Wednesday, July 6, 2022

Apollon's Axle -- David Gentle

Norb Schemansky

The prolific and authoritative writer, Charles A. Smith, contributor to many muscle magazines and for a while Joe Weider's editor, regularly corresponded with me in his twilight years, once writing a letter to me saying how enthusiastic Terry Todd of the University of Texas (take a breath) had become over a "newcomer named Mark Henry."  

Witnessed by many and reported directly to me by Vic Boff and David Webster OBE, Mark (or Marcus) Henry had succeeded in lifting overhead a replica of the famous Apollon wheels, for not one, but three repetitions -- a truly amazing feat of strength. Terry's prediction had indeed come true. 

Because of their uniqueness, with the original residing in France and belonging at times to Louis Uni, Professor Edmond Desbonnet, and Marcus Landesmann of Austria, the Apollon wheels took more than a little organizing to become available to those in other countries wishing to attempt to lift them. The current replica, manufactured by Ivanko, will allow great access and opportunity to serious challengers, although I suspect Mark Henry's latest achievement will be safe for a while.  

It is frustrating to be unable to discover any real evidence as to whether Louis Uni, who was born in Marsillargues, in southern France, on January 21, 1862 (he died October 18, 1928), and who adopted the name Apollon when he worked as a strongman in the famous Folies Bergere, ever did lift overhead the famous set of railway wheels and axle which bear his name. 

Apart from Professor Desbonnet, the foremost authority on strongmen in his day, who is quoted as saying, "Uni lifted the wheels at every performance," no real proof can be obtained as to whether he actually ever lifted the cumbersome "barbell" overhead to arm's length. 

You might enjoy this book.

While most Iron Game historians agree Uni was capable of such a feat, possessing extraordinary grip, forearm and body power, at 6'3" and da muscular body weight of around 260 pounds, apart from old sources who simply quote Desbonnet, others suggest it is more likely Uni just deadlifted the near two-inch thick bar weighing 367 pounds or, at best, supported it upon his shoulders, spinning around like a carousel for showmanship. 

To throw further doubt, Uni had another set of similar wheels which were lighter, weighing 260 pounds or 118 kilos. He also lifted these regularly. David Willoughby, in his book . . . 

. . . suggests that Louis may well have deadlifted the heavier set and that there may have been some confusion between the two sets of "barbells." 

Both sets Uni had obtained on forays into a local scrap yard in the 1890s searching for awkward objects to use in his stage act, a habit followed by many other strength athletes, including Warren L. Travis, Jefferson, and even Paul Anderson.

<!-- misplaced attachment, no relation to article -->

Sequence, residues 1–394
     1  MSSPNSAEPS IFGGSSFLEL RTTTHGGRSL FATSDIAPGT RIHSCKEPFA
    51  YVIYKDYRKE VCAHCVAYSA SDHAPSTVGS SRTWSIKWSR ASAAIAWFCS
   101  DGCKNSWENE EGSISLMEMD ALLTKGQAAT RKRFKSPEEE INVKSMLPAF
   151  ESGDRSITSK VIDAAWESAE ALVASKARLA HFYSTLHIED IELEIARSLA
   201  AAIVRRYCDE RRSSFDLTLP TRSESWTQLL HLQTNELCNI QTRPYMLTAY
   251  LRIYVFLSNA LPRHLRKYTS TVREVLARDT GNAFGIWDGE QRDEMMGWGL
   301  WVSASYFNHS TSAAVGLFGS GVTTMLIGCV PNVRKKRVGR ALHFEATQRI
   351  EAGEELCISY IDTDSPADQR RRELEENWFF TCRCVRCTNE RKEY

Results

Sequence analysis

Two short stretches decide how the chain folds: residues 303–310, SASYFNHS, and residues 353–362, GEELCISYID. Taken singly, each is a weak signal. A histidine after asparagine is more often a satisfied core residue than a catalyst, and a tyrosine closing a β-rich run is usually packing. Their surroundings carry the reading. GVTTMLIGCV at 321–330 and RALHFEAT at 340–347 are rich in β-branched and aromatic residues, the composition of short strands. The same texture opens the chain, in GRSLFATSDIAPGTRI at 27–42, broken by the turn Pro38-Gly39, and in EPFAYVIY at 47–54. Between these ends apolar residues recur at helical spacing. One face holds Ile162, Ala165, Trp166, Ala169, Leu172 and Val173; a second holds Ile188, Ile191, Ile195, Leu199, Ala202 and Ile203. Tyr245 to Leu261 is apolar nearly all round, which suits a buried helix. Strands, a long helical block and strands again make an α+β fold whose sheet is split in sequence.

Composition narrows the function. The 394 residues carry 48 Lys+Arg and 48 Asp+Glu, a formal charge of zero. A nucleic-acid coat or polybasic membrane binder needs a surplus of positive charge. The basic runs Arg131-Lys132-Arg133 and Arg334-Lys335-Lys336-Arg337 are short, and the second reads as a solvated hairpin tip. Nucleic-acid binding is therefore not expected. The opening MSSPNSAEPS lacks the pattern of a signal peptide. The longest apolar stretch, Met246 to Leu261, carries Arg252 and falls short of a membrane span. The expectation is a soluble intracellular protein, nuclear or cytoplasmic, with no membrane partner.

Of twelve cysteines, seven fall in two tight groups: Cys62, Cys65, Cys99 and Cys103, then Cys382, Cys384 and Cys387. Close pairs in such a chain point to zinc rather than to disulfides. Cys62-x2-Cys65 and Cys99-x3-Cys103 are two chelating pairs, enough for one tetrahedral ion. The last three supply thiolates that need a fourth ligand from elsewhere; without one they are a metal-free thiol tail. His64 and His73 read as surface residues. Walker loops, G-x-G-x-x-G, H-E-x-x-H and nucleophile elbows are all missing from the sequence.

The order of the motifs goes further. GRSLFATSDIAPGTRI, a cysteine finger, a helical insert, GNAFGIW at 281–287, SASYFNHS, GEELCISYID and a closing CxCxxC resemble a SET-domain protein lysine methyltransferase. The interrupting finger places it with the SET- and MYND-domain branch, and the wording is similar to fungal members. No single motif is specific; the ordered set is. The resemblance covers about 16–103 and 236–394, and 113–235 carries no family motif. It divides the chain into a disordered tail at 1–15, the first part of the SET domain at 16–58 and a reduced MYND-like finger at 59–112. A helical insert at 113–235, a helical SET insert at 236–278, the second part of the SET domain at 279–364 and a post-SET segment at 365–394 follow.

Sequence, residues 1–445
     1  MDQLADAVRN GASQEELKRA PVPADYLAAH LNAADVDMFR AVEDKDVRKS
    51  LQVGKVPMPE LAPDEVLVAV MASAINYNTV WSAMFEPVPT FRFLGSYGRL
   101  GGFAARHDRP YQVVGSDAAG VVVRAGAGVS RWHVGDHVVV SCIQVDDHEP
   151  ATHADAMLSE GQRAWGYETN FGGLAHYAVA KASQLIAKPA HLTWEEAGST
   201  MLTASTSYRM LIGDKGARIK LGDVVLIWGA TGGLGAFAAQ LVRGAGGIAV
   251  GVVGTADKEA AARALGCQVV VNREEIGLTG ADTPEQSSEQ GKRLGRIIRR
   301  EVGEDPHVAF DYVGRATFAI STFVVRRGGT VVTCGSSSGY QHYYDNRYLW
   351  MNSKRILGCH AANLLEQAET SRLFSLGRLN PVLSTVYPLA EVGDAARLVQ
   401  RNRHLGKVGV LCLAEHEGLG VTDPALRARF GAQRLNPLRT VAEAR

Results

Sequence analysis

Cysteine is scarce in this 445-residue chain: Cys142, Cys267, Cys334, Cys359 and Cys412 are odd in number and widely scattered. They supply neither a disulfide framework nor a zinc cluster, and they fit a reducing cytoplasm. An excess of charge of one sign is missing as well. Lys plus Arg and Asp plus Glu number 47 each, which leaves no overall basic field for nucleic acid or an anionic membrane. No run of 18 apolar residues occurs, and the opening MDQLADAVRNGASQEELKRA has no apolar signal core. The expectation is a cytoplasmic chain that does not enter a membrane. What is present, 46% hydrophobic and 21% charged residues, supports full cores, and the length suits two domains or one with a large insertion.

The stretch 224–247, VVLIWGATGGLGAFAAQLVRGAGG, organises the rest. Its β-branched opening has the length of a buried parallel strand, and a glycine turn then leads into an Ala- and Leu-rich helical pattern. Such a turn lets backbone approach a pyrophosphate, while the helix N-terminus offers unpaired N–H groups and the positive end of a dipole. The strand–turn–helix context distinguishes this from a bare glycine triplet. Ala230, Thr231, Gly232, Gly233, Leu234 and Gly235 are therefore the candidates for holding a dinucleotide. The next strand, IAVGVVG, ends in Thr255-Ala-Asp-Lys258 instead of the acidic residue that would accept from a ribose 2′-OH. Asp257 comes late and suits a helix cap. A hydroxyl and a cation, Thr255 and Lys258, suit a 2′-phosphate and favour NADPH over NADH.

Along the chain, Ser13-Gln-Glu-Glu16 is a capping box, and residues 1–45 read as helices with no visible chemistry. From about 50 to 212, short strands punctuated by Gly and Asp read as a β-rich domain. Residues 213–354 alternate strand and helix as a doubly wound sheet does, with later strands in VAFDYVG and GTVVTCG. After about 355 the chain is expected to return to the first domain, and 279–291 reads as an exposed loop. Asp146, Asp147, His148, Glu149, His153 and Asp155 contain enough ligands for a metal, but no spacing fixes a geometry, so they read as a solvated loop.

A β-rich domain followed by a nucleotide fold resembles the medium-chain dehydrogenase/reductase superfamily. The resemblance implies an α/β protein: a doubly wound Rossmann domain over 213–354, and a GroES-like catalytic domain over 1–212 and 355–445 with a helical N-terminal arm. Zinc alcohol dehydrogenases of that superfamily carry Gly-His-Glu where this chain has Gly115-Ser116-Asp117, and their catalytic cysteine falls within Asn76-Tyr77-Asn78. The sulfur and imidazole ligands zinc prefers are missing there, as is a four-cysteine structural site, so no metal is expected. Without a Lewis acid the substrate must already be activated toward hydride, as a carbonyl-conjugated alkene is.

Perhaps he did lift the wheels. Willoughby recounts in iron Man
Volume 17, No. 6, page 28 . . . 

. . . that an old-timer who worked in the same circus as with Apollon had on occasion seen Louis clean and jerk a "proper bar-bell) weighing 380 pounds with additional 2 x 10 pound discs tied on, for a total of over 400 pounds. As for the wheels, perhaps not, but strongmen were to come along and prove without a doubt that the Apollon wheels could be lifted overhead. 

So for a while, the myth of muscular might have persisted until another Frenchman, this time the extremely powerful pro weightlifter Charles Rigoulot (1903-1962) . . . 

. . . nicknamed "Charlot," proved beyond all doubt that the Apollon wheels (and henceforth we are talking the heavier 366-367 pound set) could be hoisted overhead. Rigoulot, having decided in advance he was going to attempt the historic lift, spent considerable time and energy training to lift the wheels. Rigoulot, the first man to clean and jerk400 pounds, which he did using a special eight-foot long bar . . . 

. . . certainly had the power to lift them, the  Apollon wheels weighing, as mentioned variously in reports as 365, 366 or 367 pounds, or 166.5 kilos. The actual end wheels or "discs" were 26 inches in diameter, and the non-revolving axle or bar was almost two inches thick (1.93 inches to be exact), or six inches in circumference. 

Thus the difficulty for him and all others who attempted to lift the weight was the actual "cleaning" or getting the bar to the shoulders. 

However, on March 3, 1930, Charles Rigoulot, or "Charlot," did indeed clean and jerk the awkward set at the Wagram Auditorium in Paris in front of a hugely enthusiastic and patriotic crowd. His body weight was 225 pounds. 

Rigoulot broke over 57 records in weightlifting over the years. He was a boxer and wrestler and loved fast cars -- a true all-rounder and popular sportsman.

With the Apollon wheels left to rest in their hiding place (Desbonnet's old gym) as a museum piece, it was not until September 13, 1949 that the world heavyweight amateur weightlifting champion John Davis . . . 

. . . became the second (or third) man to lift the Apollon wheels overhead. This unique occasion, which can be seen on old tapes and films, took place at the Elysee Montmartre, with the French national coach M. Chapur organizing a weightlifting meet. By September 12th, newspapers and the radio were announcing the great strength event, and Rigoulot, who couldn't be there, sent his best wishes to Davis and promised John a trophy if he lifted the Apollon wheels.